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Report No. 94

8.2. Unfairness to be judged from all the surrounding circumstances. -

The evidence in question had been obtained by an illegal search of the accused. The Privy Council discussed in this context the following statement of Lord Parker concerning judicial discretion to exclude illegally or improperly obtained evidence: "It would certainly be exercised by excluding the evidence if there was any suggestion of it having been obtained oppressively, by false representations, by a trick, by threats, by bribes, anything of that sort."1

The Privy Council, however, qualified this statement by concluding that unfairness to the accused in this context is not susceptible of close definition and must be judged in the light of all the material facts and findings and of the surrounding circumstances. This, with respect, is a very welcome exposition of the concept of unfairness, if that is to be taken as criterion for excluding evidence obtained illegally or improperly.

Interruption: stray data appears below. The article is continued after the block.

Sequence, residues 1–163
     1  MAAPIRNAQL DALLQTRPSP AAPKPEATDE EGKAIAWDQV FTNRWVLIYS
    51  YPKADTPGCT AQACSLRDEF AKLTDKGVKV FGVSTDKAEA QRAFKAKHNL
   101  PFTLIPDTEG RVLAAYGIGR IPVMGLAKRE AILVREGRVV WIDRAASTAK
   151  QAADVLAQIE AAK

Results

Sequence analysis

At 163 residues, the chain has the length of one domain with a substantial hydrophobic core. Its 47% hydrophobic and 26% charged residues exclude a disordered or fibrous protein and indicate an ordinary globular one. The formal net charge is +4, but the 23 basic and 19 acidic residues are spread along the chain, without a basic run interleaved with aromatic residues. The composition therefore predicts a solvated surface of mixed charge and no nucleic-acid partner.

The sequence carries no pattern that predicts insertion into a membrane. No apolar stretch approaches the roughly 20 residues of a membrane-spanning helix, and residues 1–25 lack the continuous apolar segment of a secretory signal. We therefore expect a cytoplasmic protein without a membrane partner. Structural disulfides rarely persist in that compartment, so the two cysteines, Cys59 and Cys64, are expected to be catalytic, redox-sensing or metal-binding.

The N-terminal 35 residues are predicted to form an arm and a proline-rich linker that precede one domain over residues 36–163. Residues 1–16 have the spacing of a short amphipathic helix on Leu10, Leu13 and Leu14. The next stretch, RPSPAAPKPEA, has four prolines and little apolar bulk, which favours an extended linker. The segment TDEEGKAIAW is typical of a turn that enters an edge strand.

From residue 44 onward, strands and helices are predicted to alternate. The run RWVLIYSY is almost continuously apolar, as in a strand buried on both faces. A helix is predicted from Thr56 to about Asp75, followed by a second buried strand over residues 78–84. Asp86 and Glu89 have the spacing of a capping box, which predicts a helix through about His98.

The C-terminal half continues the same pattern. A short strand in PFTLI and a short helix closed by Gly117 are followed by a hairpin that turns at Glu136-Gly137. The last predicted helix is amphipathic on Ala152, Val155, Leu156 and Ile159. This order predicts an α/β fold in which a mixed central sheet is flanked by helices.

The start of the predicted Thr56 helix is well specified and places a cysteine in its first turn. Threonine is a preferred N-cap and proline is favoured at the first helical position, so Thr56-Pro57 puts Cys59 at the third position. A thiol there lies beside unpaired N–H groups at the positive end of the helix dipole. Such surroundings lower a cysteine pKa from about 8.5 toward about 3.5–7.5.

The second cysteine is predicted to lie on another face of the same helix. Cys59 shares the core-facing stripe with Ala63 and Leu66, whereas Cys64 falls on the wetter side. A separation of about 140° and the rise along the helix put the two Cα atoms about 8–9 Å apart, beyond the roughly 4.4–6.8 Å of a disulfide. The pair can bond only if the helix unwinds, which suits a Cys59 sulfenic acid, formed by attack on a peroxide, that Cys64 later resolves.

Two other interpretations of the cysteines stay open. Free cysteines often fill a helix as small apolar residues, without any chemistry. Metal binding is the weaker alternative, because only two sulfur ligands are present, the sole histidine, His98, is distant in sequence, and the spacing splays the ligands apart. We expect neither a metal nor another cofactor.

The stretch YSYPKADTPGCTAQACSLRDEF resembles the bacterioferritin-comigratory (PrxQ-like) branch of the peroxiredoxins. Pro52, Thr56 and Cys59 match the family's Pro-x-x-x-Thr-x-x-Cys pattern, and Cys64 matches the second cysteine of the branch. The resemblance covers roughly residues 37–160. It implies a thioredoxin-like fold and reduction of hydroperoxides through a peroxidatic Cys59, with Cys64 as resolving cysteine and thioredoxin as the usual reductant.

1. Callis v. Gunn, (1964) 1 QB 495 (502).

Evidence Obtained Illegally or Improperly - Proposed Section 166a of the Indian Evidence Act, 1872 Back

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